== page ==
Maisha: What do you feel are the obstacles for men or boys who would want to take up dance or ballet as a profession?
Timothy: For one, young boys will face teasing by their friends who aren’t mature enough to understand that ballet is not as effeminate as they think it is. However, we cannot blame young boys who think this way when they are more inclined to sports and see their sisters taking ballet, thus associating ballet with femininity. I have found that such childish thoughts tend to disappear as boys grow into men. Another obstacle could be parents who are afraid that their children will not be able to support themselves financially. This is especially relevant in Singapore where parents hope and expect their children to be well-educated and to go on to have stable and financially rewarding jobs.
Maisha: Gender roles in ballet have been very traditional but now that seems to be a positive shift and greater inclusivity. Do you agree with this and if so, what is helping to bring that shift? What more can be done?
Timothy: Gender roles in ballet have been and are still traditional, and they are still embraced by male and female ballet dancers regardless of what sexuality and gender they identify with. So with respect to your question, I believe you mean that there is a positive shift in the general impression of the male dancer. I agree that the male ballet dancer is getting more publicity and recognition, and I think that this is because male technique is exciting to watch when executed well. Given that ballet dancers’ technique levels have improved dramatically over the decades, there are more reasons to be excited about male dancers. I think asking the question of whether “more can be done” seems to imply that male ballet dancers have been marginalized and discriminated against – something I contest given that my personal experiences as well as my father’s was not one of discrimination. Instead of trying to find more things to improve on, I believe we should simply continue the focus on celebrating good dancers, be they male or female, which will in turn inspire men and women to pick up the profession.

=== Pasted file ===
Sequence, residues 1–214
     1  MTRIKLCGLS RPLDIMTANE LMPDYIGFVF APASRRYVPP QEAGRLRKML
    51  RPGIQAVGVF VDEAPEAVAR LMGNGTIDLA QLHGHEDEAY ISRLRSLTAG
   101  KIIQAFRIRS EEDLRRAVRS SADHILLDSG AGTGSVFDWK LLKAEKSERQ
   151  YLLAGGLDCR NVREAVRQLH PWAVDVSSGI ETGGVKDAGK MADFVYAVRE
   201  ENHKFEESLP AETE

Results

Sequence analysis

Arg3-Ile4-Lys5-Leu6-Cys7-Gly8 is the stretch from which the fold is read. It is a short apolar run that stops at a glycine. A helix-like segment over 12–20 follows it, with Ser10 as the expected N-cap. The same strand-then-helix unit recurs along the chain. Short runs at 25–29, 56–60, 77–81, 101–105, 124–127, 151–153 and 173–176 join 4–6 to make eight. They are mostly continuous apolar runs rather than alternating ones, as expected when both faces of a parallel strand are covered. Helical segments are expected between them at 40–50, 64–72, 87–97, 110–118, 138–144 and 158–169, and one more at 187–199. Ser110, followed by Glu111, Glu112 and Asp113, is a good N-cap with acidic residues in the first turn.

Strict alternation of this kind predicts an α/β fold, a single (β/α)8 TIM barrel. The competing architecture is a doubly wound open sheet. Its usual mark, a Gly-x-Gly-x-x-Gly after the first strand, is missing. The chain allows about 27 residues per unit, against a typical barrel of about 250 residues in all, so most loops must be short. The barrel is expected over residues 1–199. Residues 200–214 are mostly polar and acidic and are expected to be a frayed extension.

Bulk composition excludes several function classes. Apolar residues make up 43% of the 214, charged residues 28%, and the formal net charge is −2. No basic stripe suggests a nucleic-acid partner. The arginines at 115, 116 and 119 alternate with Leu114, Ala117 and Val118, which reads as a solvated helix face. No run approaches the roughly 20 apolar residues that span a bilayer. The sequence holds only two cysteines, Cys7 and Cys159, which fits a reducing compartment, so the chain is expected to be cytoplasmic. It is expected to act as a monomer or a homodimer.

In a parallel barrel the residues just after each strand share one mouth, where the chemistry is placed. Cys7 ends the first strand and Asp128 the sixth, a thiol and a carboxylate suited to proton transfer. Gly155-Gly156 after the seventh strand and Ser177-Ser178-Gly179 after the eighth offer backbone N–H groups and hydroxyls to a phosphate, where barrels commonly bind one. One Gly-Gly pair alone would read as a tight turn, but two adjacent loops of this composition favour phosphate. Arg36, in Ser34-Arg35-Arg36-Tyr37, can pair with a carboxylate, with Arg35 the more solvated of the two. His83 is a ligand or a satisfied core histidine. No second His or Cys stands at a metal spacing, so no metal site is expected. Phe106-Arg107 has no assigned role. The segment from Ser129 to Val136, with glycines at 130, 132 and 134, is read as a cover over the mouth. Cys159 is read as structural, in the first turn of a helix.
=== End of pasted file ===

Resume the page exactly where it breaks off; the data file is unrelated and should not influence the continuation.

Maisha: What can different aspects of society do to help break gender stereotypes so that each child can grow up to fulfill his or her best potential instead of succumbing to roles pre- cast for them by stereotypes and labelling?
Timothy: Stereotypes exist and will always exist as long as humanity continues, but I believe that the best way to reduce stereotypes is to be strong and defiant in the face of it. In other words, while stereotyping is a social phenomenon, the fight against stereotypes does not need to lie in actively trying to change society, but in training our young men and women to be resilient in the face of obstacles and to be confident in their actions. When our young people defy stereotypes and are strong in our own will, only then will people see that there is an alternative to the stereotypes they hold in their mind- and therein the change in mindset occurs. I would like to add that the fulfilling of each child’s best potential does not rely on a welfare society that determines what we think as the ‘right’ or ‘optimal’ conditions for them to grow in. Rather it depends on the ability of each child to fulfill his or her potential when they strive and push for what they want even when conditions are not ‘optimal’. A smooth sea never made a tough sailor. If we can’t persevere in the face of challenges, good can never become great.
Maisha: Thank you so much Timothy for speaking to our readers! What would be your final message to an aspiring ballet dancer?
Timothy: Don’t ever give up – anything worth doing is not easy. Don’t be afraid to dream too – the force of one’s will is a force to be reckoned with.